02 April 2007


Fantasy and the Imagination
by Jeff & Ann VanderMeer

In her extraordinary creative writing book The Passionate, Accurate Story, Carol Bly presents a hypothetical situation. One night at dinner a girl announces to her father and mother that a group of bears has moved in next door. In one scenario, the father says (and I paraphrase) “Bears? Don’t be ridiculous,” and tells his daughter to be more serious. In the other scenario, the father says, “Bears, huh? How many bears? Do you know their names? What do they wear?” And his daughter, with delight, tells him.

The imagination is a form of love: playful, generous, and transformative. All of the best fiction hums and purrs and sighs with it, and in this way (as well) fiction mirrors life. This is how we think of the fiction collected in this first volume of Best American Fantasy. There’s a flicker, a flutter, at the heart of these stories that animates them, and this movement—ever different, ever unpredictable—makes each story unique.

Does it matter if the imaginative impulse is “fantastical” in the sense of “containing an explicit fantastical event”? No. It matters only that, on some level, a sense of fantastical play exists on the page. Bears have moved in next door.

We often disregard this sense of play. Why? In part, the idea of “play” seems immature or frivolous, especially in a society still blinkered by its Puritan origins. However, we also tend to discount play because it speaks to an aspect of the imagination that defies easy measurement. It brings yet another level of uncertainty to an endeavor already supersaturated with the subjective.

During Medieval times, the imagination was often associated with the senses and thus thought to be one of the links between human beings and the animals. Only with the Rennaissance was the imagination firmly linked to creativity and thus the intellect. Both views, however, and modern ideals of functionality and utility—even, sometimes, the idea in modern fiction of invisible prose—ignore or have no place for the sense of play that precedes and infuses creative endeavor.

This is perhaps no surprise, given that you cannot teach imagination in a creative writing workshop. As Bly explicitly states in The Passionate, Accurate Story, by the time a person reaches the age where they want to write and be taught to write fiction, that particular muscle, that particular manifestation of the soul, is firmly locked in place. A good instructor can perhaps draw out an imaginative impulse in a timid student but cannot instill it as other, more empirical aspects of fiction, can be instilled with patience and a firm hand.

To pull out a hoary old quote, Jung once wrote: “The dynamic principle of fantasy is play, which belongs also to the child, and as such it appears to be inconsistent with the principle of serious work. But without this playing with fantasy no creative work has ever yet come to birth. The debt we owe to the play of imagination is incalculable.”

In the stories contained in Best American Fantasy, events continually challenge and surprise our own imaginations. In this anthology, you will find talking alligators, a man as big as a county, baboon playwrights, a flying woman, sordid superheroes, men who marry trees, the fragments of a storyteller, and the very edge of the world. You may even find the end of narrative.

What you will not find is a set definition of “fantasy.” If you enter into reading this volume eager for such a definition or searching for the fantastical event that you believe should trigger the use of the term, you will overlook the many other pleasures that await you. These are the same pleasures you can find in non-fantastical stories: deep characterization, thematic resonance, clever plots, unique situations, pitch-perfect dialogue, enervating humor, and luminous settings. The extraordinary depth of imagination in the best stories affects not merely their content but their form, the form shaping the content, until we realize the two are not separate, that they are, in the best writing, united by the same imaginative act.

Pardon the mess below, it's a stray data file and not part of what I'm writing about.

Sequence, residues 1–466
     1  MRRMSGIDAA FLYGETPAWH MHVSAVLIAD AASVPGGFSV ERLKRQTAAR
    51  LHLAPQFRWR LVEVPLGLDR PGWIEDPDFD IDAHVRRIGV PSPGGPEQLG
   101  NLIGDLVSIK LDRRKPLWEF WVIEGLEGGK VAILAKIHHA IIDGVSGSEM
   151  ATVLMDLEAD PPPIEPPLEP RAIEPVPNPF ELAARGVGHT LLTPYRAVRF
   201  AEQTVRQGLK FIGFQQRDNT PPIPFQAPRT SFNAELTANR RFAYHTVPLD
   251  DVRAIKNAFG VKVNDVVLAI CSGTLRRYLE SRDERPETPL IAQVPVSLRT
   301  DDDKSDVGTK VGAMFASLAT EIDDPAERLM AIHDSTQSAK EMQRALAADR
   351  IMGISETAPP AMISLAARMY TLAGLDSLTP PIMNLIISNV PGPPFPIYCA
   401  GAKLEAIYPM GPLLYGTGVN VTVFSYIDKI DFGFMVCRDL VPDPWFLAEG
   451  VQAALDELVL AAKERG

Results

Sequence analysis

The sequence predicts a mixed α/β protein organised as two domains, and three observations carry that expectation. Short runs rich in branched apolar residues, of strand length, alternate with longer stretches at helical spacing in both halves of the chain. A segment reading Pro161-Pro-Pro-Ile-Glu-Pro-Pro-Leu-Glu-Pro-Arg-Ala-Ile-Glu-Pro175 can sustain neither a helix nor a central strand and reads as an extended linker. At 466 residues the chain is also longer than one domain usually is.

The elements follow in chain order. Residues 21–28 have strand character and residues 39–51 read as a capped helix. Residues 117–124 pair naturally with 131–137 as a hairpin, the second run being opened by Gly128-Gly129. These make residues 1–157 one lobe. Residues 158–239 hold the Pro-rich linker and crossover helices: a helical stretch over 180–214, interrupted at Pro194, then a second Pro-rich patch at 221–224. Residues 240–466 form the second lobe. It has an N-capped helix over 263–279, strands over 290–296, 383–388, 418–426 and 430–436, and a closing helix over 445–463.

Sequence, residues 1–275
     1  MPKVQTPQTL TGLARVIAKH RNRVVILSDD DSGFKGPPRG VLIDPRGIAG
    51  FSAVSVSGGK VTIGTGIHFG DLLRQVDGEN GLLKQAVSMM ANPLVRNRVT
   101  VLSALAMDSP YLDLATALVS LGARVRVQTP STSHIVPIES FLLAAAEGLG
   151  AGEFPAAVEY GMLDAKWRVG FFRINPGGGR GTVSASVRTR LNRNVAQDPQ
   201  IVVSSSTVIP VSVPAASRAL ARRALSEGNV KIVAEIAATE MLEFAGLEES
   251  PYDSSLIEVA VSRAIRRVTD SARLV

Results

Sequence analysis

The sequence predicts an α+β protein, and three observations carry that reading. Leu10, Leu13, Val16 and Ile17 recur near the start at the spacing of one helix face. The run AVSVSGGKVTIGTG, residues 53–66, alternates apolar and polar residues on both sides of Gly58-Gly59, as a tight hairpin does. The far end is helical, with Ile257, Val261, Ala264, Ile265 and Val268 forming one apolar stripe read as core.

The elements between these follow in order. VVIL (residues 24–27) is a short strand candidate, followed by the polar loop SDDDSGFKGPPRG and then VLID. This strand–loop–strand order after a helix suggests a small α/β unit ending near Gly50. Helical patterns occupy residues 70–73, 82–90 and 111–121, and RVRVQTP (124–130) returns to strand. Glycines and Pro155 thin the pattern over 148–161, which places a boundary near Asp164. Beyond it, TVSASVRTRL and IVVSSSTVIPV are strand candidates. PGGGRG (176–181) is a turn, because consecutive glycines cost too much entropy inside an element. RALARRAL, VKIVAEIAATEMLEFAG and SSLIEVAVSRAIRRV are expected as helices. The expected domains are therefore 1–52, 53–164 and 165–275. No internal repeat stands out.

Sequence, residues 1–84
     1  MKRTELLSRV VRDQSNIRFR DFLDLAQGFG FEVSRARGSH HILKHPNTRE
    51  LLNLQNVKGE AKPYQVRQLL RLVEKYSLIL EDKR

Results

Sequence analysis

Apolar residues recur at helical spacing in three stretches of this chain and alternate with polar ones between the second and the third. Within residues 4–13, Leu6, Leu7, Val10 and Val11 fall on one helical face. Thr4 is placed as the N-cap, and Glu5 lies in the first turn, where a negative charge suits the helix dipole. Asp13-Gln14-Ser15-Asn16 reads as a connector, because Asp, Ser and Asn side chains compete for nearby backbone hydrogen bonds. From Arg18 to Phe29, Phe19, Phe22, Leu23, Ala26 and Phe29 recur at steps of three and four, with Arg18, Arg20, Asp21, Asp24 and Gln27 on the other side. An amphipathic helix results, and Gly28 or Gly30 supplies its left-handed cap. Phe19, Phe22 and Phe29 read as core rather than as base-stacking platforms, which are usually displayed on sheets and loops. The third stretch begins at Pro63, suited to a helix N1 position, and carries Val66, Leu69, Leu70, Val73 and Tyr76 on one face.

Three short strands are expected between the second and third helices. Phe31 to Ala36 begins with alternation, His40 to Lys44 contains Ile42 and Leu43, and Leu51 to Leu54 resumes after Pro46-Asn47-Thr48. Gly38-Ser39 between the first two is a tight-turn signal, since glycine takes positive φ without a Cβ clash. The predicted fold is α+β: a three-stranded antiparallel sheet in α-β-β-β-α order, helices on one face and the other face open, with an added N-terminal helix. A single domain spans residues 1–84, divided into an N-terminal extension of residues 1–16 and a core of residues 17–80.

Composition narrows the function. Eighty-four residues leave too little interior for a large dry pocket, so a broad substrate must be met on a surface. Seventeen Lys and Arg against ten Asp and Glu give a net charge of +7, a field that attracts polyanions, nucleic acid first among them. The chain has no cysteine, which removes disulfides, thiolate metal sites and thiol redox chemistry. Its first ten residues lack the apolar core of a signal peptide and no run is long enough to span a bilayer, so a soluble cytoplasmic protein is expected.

In a sense, defining “fantasy” in the context of fiction is a losing proposition—simply not worth the effort. We do not really talk like people talk in fiction. Lives do not have the kind of narrative arc or denouement often found in fiction. Therefore, we should not look askance at writers who change the paradigm, who have no interest in replicating reality if it does not suit their purposes. (A more interesting discussion of fantasy, beyond the scope of this introduction, might be to define it in the context of metaphor, because a writer’s voice may be described as fabulist rather than mimetic based solely on metaphor, regardless of the nature of the events occurring in the story.)

In all of this, it is important to remember that even flights of fancy must have anchors to be successful. The fantastical has no reality without its characters. The alligator knows the plot of the tale better than anyone. The man as big as a county is weeping for a reason. The flying woman has an admirer. The failed superhero has bills to pay. The edge of the world isn’t the end of everything. Even baboon playwrights and men who marry trees may have hidden depths. The fragments of the storyteller collect themselves long enough to tell one last story.

There’s no real end to narrative, just as there is no real end to the ways in which “fantasy” elements can be put to use in the service of narrative. Every time someone reads Bly’s A Passionate, Accurate Story and comes to the part where the father asks his daughter about the bears, there’s the tantalizing possibility in the reader’s mind that she’ll say something different—something wonderful or horrible or bittersweet.

There’s every possibility that what she says will be different for every reader, depending solely on the generosity of the individual imagination.